The euro inched higher after GDP reports. Greece to resume negotiation with Troika. The Polish economy missed expectations.
Today's reports on GDP were supportive for the euro. The GDP growth in Germany exceeded expectations – it stood at 0.7 percent quarter on quarter against 0.3 percent projected. It was also a better result than in the preceding three month period.
Solid GDP growth came after a poor third quarter, when the economy was close to a recession. Gaining momentum in Germany is a very good information not only for the euro zone, but also for Poland. The Central Statistical Office informed that the share of exports to Germany rose to 26.1 percent in 2014.
Moreover, the GDP growth in euro zone was better than estimated. It stood at 0.3 percent – more than 0.2 percent in the preceding period. This shows, that the monetary union is gaining momentum.
However, the optimism cooled as the euro zone is not uniform. Three countries – Finland, Greece and Cyprus – posted negative growth in the fourth quarter. The GDP drop in Greece comes after thee quarters of growth in a row. Moreover, France and Italy disappointed. First country growth was only 0.1 percent, and the second stagnated after falling into recession.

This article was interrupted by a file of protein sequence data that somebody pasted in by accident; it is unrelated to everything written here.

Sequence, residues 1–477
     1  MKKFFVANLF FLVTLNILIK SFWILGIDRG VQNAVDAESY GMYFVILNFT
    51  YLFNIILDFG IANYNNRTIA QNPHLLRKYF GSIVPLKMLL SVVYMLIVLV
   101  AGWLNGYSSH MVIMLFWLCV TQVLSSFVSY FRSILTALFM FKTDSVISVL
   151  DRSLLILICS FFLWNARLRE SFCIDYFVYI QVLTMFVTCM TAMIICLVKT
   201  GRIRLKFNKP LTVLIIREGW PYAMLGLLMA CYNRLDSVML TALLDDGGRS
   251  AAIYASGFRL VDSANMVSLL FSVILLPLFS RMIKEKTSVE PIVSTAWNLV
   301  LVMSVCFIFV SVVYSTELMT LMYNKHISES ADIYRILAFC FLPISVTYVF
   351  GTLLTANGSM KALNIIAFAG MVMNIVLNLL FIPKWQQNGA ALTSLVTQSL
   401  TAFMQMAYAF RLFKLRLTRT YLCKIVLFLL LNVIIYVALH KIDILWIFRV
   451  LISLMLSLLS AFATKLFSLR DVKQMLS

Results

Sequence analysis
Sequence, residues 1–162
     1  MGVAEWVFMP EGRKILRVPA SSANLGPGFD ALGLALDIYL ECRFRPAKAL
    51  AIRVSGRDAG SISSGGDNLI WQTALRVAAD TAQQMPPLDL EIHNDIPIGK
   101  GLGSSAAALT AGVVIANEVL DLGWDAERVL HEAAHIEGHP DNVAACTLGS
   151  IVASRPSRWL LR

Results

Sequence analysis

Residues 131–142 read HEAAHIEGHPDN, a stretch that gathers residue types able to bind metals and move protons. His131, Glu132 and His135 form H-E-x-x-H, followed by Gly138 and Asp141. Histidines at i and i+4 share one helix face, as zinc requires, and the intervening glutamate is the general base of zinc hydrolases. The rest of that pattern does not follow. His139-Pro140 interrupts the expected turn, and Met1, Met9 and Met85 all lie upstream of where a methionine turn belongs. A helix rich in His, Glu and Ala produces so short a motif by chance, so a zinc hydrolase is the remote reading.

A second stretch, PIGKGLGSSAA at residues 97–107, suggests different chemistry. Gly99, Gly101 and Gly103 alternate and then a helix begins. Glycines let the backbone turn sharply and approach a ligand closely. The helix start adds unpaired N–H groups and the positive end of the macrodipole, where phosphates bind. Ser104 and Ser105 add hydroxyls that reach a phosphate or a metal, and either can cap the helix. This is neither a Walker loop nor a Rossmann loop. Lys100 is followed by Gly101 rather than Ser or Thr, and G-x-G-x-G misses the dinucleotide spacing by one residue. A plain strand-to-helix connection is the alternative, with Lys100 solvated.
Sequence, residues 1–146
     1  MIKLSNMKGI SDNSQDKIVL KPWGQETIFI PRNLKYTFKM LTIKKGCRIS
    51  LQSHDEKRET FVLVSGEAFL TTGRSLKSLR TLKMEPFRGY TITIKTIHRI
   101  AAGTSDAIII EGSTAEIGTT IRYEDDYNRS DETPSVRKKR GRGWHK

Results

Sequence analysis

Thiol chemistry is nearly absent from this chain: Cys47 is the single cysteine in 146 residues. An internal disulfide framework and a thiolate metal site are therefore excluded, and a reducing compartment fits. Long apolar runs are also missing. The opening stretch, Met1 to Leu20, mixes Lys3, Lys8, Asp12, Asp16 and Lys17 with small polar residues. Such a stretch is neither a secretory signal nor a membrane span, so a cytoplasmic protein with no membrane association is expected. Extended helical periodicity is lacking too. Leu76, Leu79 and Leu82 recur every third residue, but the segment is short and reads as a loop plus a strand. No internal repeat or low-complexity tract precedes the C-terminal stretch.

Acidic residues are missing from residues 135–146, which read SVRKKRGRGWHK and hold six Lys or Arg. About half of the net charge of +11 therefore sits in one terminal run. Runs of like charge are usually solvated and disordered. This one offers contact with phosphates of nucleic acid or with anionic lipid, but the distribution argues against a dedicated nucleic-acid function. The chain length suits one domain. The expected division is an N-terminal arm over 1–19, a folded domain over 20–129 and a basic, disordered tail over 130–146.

Nevertheless, the euro zone is in a good position to improve economic performance. The European Central Bank launched government bonds purchases program worth 1.1 trillion to spur growth and inflation. It will be a catalyst for measures introduced earlier – the record low interest rates and cheap loans for banks (TLTRO).
The major risk factor for the euro zone recovery is Greece. Since the Syriza – a party that is against austerity and bailout terms – took the power, the speculations that Greece would leave the euro zone have mounted.
Nevertheless, information agencies said that Greece is to resume negotiations with Troika on Friday. Athens are struggling to persuade its creditors to agree on bridge financing (described in our previous commentaries). The bottom line is Syriza government and the EU are talking before final round of negotiations on Monday. Thus, the likelihood for a compromise is quite high.
The GDP growth in Poland stood at 3 percent on a yearly basis – less that 3.3 percent in the preceding period. Expansion was slower that anticipated 3.2 percent.
The CSO released today a flash estimate – thus there is no data on structure of the growth. As a result, a deeper insight into the report will be possible in two weeks. The report is clearly a disappointment.
A slower growth is a strong argument for the Monetary Policy Council to cut interest rates in March. During its previous press conference, the MPC pointed at 3 percent growth as a satisfying pace – thus balancing near this level and record low inflation are conclusive for rates cut. Now the question is the total amount of credit cost reduction, what will be clarified next week when more reports are released.
Slower GDP reading is a negative factor for the zloty. Thus, the appreciation potential of the Polish currency has been deteriorated. If report on inflation also increases likelihood for cuts, the zloty may give away more of its Thursday's gains on Minsk agreement.